Have you been clear with each member of the staff about your expectations? When was the last time you updated them? What kinds of coverage do you expect? What areas of the staffer’s writing need improvement? How often do you expect stories on the Web to be updated? By what means do you want to communicate with the staffer? What are your expectations around the staffer’s availability after working hours and on weekends?
Bottom line: Don’t take for granted that your expectations are known and understood. You need to be clear about them, and update them regularly. Once your expectations are clear, you have a solid foundation from which to carry out your strategy.
- Commit to two types of feedback. The key word in this tactic is “commit.” The best managers understand that feedback is crucial to a staffer’s improvement. Expecting me to get better is unrealistic if my only source of feedback is the voice inside my head. I need you to tell me how well I am meeting your expectations.
The best feedback, though, comes in at least two ways. First is the feedback you give me based on something I did today, or yesterday. It’s timely, specific and addresses something that’s still fresh in my mind.
The second type of useful feedback is “occasional.” Think of this feedback as pulling back the camera to capture a longer, broader view of my work. Maybe it’s every few months. What’s important is that it answers the question, “am I getting better?” How are we doing in meeting my coverage goals? In improving my story organization? In posting for the website? You want to make this feedback as specific as the daily type, but with more context. Remember, the goal of your strategy is my growth over time.
- Find out how I do my job. So you know what I do. After all, you gave me the job. But do you know how I do it?
My colleague Roy Peter Clark introduced me to this idea; I watched him literally interview a reporter about how, specifically, he does his job.
Imagine you’re interviewing me. Do you know how I use a notebook? Do I highlight the material I want to make sure gets in the story? Do I return to the office and transcribe everything into my computer? Do I index my notes? My answers might give you insight into my challenges with organization. Or time management.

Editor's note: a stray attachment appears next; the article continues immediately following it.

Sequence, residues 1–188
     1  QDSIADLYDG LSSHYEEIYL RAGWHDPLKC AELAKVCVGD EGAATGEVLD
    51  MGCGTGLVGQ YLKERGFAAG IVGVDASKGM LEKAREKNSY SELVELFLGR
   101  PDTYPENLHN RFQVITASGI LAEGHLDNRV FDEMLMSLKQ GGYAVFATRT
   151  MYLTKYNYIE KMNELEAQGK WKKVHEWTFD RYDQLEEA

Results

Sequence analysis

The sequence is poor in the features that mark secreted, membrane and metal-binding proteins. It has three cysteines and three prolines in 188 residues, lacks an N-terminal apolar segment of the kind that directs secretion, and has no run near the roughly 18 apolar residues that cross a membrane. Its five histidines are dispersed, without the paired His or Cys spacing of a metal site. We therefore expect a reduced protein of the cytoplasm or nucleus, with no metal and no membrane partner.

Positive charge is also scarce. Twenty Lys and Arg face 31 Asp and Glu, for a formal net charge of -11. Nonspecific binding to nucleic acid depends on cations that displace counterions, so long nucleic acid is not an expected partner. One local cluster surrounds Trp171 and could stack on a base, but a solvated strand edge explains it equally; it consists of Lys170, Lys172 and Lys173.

Your ability to help me get better will be enhanced by your understanding of how I go about my job—from how I get ideas to what kinds of questions I ask to how I write my first draft. Encourage me to explain in detail how I approach my work; those details might provide you with an insight for helping me think differently about processes I take for granted.
- Encourage life outside work. Lots of bosses and employees talk about work-life balance, but from the frequency with which it’s still discussed, I suspect we’ve probably lost ground in achieving it. Let me suggest that if you’re serious about your staffer improving over time, this is an area you need to address.
But let’s change the conversation just a bit. While this is an issue that definitely involves how many hours we spend at work, it also hinges on another factor: What’s in my life besides work. Think about it: you will get a lot more serious about doing what’s necessary to leave work if there’s something out there that you really want to go to.
Early in my career, I spent a lot more time at work than necessary to carry out my job. What caused me to change? I realized I was jeopardizing my relationship with my wife and son — and that got me serious about taking action.
This isn’t about being nosy. Just include in those conversations with staff some questions about how their life outside work is going. If someone doesn’t want to talk about that, no harm done. You’ve made it clear that you think a life outside work is important.
Then prove it. Do what’s necessary to help that staffer leave work after a reasonable work day.
(And be a role model. You go home, too.)